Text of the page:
Aspen hires consultants for $95k to help people find their way |

Aspen hires consultants for $95k to help people find their way

People in Aspen are apparently lost, and the city government is looking at ways to help them get to where they’re going.

The city of Aspen has hired two consultants to develop a “wayfinding system.” The city contracted with Boulder-based rsm design and Aspen-based Design Workshop for $95,000 this past spring.

They are in the midst of presenting conceptual plans to the city’s advisory boards. The plans center around a system of signs throughout town that are designed to help navigate people to parks, trails and other points of interest.

City planners are wanting feedback from the citizen boards on the initial plan before taking a formalized one to Aspen City Council.

“Right now, we are very conceptual,” said Jordan Gray-DeKraai, a city project manager.

This week, the city’s Historic Preservation Commission and the Planning and Zoning commission reviewed plans with the design team in two public meetings.

Gray-DeKraai and Ben Anderson, a planner in the city’s Community Development Department, characterized P&Z’s feedback on Tuesday as “constructive” and a mix of “support and skepticism.”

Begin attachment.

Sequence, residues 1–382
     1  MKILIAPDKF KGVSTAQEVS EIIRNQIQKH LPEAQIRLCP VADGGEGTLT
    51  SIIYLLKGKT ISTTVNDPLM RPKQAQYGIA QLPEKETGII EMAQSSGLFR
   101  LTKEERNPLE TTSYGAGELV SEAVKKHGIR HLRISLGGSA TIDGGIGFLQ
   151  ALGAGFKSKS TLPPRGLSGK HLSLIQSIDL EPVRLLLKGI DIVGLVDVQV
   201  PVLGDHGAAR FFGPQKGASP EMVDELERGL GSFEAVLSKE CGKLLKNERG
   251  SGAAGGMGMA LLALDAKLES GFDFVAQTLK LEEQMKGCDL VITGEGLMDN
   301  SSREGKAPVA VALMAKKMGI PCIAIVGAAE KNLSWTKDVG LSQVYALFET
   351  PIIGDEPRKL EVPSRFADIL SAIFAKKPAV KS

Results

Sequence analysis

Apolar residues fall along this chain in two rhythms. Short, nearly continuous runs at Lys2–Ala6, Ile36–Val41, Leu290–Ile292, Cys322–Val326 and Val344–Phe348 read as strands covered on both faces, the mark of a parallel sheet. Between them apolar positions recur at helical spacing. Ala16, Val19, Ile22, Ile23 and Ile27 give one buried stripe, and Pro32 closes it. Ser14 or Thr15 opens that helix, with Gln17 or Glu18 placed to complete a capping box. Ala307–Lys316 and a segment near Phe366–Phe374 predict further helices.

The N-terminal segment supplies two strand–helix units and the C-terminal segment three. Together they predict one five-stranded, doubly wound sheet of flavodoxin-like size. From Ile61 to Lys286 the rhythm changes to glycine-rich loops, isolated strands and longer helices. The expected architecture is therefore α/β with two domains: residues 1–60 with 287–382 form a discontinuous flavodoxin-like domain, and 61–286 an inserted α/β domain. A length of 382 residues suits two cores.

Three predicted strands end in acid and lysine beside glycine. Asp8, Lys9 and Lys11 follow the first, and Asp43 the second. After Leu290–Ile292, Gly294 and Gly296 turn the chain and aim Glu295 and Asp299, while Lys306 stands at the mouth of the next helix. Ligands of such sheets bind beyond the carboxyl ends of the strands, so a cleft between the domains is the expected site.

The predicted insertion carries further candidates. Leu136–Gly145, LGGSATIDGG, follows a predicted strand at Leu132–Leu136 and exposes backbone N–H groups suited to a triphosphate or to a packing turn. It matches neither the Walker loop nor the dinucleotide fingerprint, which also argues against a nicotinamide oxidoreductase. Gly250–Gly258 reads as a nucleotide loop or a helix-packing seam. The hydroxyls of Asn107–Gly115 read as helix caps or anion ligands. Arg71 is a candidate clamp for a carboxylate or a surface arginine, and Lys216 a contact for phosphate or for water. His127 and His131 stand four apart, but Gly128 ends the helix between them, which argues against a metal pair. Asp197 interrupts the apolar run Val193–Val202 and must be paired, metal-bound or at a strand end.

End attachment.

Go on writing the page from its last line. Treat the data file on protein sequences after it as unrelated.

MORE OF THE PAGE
One skeptic is P&Z Commissioner Ryan Walterscheid, who said he thought there was a majority on the board who felt that the plan is too over the top.

“The general consensus is, ‘Why is this necessary?’” he said. “‘Why it’s going to this extent?’ was the question.”

The perceived need for a wayfinding system was born out of the city’s bicycle and pedestrian master plan from a couple of years ago.

That plan, based on public feedback, identified a few issues, such as residents and visitors having difficulty locating and traveling safely and efficiently to open space and amenities.

Visitors also are unaware of important destinations that define the Aspen experience, or the location of those amenities, according to a memo from Anderson to the P&Z.

The memo noted that the city’s existing system of directional, informational and trailhead signage lacks cohesion and has inconsistent information.

The planners are working on a visual design for how a system may look.

They are scheduled to go before the city’s commercial core and lodging commission and the open space trails board next month.

Gray-DeKraai said the team also plans to work with the Aspen Chamber Resort Association to get more feedback, along with public outreach that’s yet to be determined.

The team plans to go to City Council in October for review.

Gray-DeKraai said some of the key destinations the team is looking at to guide people to are the Aspen Recreation Center, the hospital, Rio Grande Park and the trail, the John Denver Sanctuary, Wagner Park, Smuggler and trailheads including Hunter Creek and the Ute. Other locations are being discussed.

Walterscheid his fellow board members told the consulting team and city planners that if new signage is necessary or needs to be updated, it should be done in minimalist way.

“People come here for a bit of adventure,” Walterscheid said, “and I don’t think we have to map out every single place for them.”

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